A new issue brief by Education Reform Now highlights the extent to which Virginia’s leading public and private colleges are choosing to under enroll students from working class, low-income, and racial minority backgrounds.
Of the 15 worst public colleges and universities in America on working class and low-income student enrollment, one-third are located in Virginia.
The University of Virginia, The College of William & Mary, James Madison University, Christopher Newport University, and Virginia Military Institute all not only rank especially poorly among all colleges nationwide in enrolling talented students from working-class and low-income backgrounds, they also all significantly underperform as compared to peer institutions with similar admissions standards.
Compare the University of Virginia (UVa) with peer institution the University of North Carolina at Chapel Hill (UNC), for example. UVa and UNC enroll first-year student classes with similar median high school student GPA levels and similar median SAT and ACT scores. Yet UVa enrolls roughly half the percentage of Pell Grant recipients as UNC, fewer racial minorities, and charges families substantially more in tuition and fees. And UVa has a $10 billion endowment whereas UNC’s is $6.5 billion.
Prestigious and extremely low-access four-year colleges, as Georgetown’s Anthony Carnevale has said, are “the principal guarantors of class and race-based inequities. In fact, they and our higher ed system overall are more part of the problem than the solution.”
Our study finds that while 34% of Virginia 18-24-year-olds are Black or Hispanic, only three of Virginia’s 15 public four-year institutions of higher education enroll Black and Hispanic students at anywhere near a comparable rate—two of which are HBCUs.
The most eye-popping numbers though are seen in the non-profit private sector space. Out of over 18,000 Black students that graduate from Virginia high schools each year, the number Washington and Lee enrolls the following fall typically can be counted on one hand. In 2020, there were four. The previous year for which we have data, in 2018, there was only one. One.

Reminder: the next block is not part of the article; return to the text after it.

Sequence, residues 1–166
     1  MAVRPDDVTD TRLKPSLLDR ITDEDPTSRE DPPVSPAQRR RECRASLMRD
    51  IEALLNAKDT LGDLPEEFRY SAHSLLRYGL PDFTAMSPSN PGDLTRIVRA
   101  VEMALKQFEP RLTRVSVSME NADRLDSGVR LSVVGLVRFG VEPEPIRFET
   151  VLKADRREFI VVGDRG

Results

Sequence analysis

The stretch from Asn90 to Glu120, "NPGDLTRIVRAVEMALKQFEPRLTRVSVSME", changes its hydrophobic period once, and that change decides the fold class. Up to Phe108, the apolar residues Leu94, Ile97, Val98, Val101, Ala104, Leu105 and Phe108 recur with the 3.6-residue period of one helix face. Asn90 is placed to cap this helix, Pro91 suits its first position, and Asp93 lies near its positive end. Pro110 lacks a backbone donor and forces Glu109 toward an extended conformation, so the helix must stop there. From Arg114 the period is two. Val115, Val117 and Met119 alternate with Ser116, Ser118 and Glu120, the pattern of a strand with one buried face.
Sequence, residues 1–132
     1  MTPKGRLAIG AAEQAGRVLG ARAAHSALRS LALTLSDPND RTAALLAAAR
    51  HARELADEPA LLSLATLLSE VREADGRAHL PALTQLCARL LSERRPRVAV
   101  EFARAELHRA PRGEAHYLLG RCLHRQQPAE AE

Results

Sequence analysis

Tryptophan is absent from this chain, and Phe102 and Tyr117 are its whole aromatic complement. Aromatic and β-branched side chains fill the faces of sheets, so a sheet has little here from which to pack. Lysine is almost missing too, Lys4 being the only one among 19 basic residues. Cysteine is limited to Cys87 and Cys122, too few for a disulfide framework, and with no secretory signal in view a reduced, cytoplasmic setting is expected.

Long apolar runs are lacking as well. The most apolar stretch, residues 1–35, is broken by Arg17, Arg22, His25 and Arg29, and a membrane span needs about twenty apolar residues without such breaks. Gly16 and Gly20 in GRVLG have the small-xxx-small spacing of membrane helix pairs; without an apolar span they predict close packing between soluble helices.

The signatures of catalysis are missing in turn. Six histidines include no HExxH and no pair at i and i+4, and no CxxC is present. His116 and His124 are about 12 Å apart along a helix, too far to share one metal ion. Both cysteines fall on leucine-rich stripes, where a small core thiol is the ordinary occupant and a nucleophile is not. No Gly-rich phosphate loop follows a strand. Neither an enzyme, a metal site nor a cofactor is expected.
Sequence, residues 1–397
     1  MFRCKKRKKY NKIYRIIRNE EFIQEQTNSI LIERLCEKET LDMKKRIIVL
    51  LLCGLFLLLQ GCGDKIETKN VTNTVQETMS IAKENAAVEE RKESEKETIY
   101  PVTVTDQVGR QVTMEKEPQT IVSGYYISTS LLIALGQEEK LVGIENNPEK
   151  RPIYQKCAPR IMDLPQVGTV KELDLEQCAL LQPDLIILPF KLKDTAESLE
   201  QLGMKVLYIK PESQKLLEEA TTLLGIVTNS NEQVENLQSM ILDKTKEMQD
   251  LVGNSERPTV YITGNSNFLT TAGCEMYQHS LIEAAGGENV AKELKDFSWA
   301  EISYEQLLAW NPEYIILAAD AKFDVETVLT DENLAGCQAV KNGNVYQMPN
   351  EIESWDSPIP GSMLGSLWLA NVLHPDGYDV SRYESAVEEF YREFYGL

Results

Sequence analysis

Virginia State and Norfolk State each enroll a greater share of Pell Grant eligible students than any other four-year public college in the Commonwealth and together over half of all public and private college Black bachelor degree-seeking students in Virginia, and yet struggle with limited resources and consequently low graduation rates.
In 2019, Virginia State’s endowment(s) totaled approximately $70 million. Norfolk State’s was $25 million. In contrast, UVa’s endowment was more than 100 times the size of Virginia State’s, more than 400 times the size of Norfolk State’s.
As Virginia comes to further grips with historic injustices and present-day manifestations, the Commonwealth, or at least its wealthiest, largely inaccessible colleges should be thinking about reparations to HBCU institutions like Virginia State and Norfolk State. Justice doesn’t come cheap.
Federal legislation has been introduced that would challenge wealthy, especially low-access colleges to make a meaningful commitment to diversity or provide financial assistance to other schools doing the access work these colleges should be doing.
We support the concept as does the National Education Association (NEA), National Association for Educational Opportunity (NAFEO), Thurgood Marshall College Fund (TMCF), Education Trust, Third Way, and others. Ambition without resources and accountability attached rarely generates the levels of genuine educational opportunity we all would like to see.
You can dig in to our issue brief here, but other notable notes include that, in 2019:
- Overall, Black male and female postsecondary students in Virginia were three and four times more likely than their white peers to be enrolled in a for-profit college where prices are high and student earning outcomes are low. Hispanic high school graduates were nearly 40% more likely than their white peers to be enrolled in a community college.
- At the University of Richmond, just 7% of students self-identified as Black, which is only marginally better than James Madison University (5%) and Virginia Tech (4.6%). Peer institutions like the University of South Carolina and Ole Miss enroll Black students at rates two to three times higher. At nearby Maryland’s non-profit private Johns Hopkins University, which has higher admissions standards than all three of those Virginia colleges, some 14% of the Class of 2024 self-identified as Black.
This Virginia issue brief is the first in a series examining the higher education landscape in the Commonwealth. Check back each day this week for more on Virginia’s commitment to diversity in higher education of lack thereof.
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